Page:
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Only people age 15 or older should be allowed to donate their organs for transplants after their death, the Health and Welfare Ministry proposed Aug. 18, according to ministry officials.

The ministry proposal is contained in draft guidelines detailing procedures for organ transplants the ministry presented to an expert committee of the Council on Public Health, the officials said.

The ministry has already presented the Organ Transplant Expert Committee with draft enforcement regulations for the organ transplant law that set forth criteria for determining brain death, ways to log organ extractions and transplants, and related ministry ordinances.

The draft guidelines spell out procedural details not provided for under the enforcement regulations. These include the scope of relatives who will be allowed to refuse the pronouncement of brain death or organ offers for transplant, the officials said.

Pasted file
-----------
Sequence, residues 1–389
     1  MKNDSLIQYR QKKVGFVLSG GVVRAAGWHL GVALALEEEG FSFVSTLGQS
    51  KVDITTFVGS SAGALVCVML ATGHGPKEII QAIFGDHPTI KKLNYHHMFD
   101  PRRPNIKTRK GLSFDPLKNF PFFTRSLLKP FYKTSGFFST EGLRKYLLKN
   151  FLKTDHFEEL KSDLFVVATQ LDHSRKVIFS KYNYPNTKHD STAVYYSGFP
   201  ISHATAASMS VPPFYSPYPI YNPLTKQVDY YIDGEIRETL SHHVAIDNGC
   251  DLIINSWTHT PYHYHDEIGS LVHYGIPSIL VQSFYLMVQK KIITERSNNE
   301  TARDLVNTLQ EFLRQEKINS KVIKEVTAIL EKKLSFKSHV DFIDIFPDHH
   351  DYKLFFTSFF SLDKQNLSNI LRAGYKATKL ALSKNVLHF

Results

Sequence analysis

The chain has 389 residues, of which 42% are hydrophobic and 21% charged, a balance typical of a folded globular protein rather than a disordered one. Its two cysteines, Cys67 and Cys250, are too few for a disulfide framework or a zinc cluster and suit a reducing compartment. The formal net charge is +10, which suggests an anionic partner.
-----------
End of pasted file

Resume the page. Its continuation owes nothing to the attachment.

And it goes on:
Under the draft guidelines, an organ can be extracted from a brain-dead patient only after the person in question or relatives have consented to the extraction, they said.

Eligible relatives whose consent must be obtained include the donor’s spouse, children, grandchildren, parents, grandparents and any other relative with whom the donor lived.

Under the guidelines, organ extractions and transplants are allowed only when a second brain death pronouncement is made six hours after the first, the sources said.

The guidelines limit medical institutions that can offer organ transplants to university hospitals and institutions designated as leading medical institutions by the Japanese Association for Acute Medicine, they said.

The committee is to hold its next meeting Aug. 25 and is expected to present guidelines outlining specific methods for determining brain death, they said.

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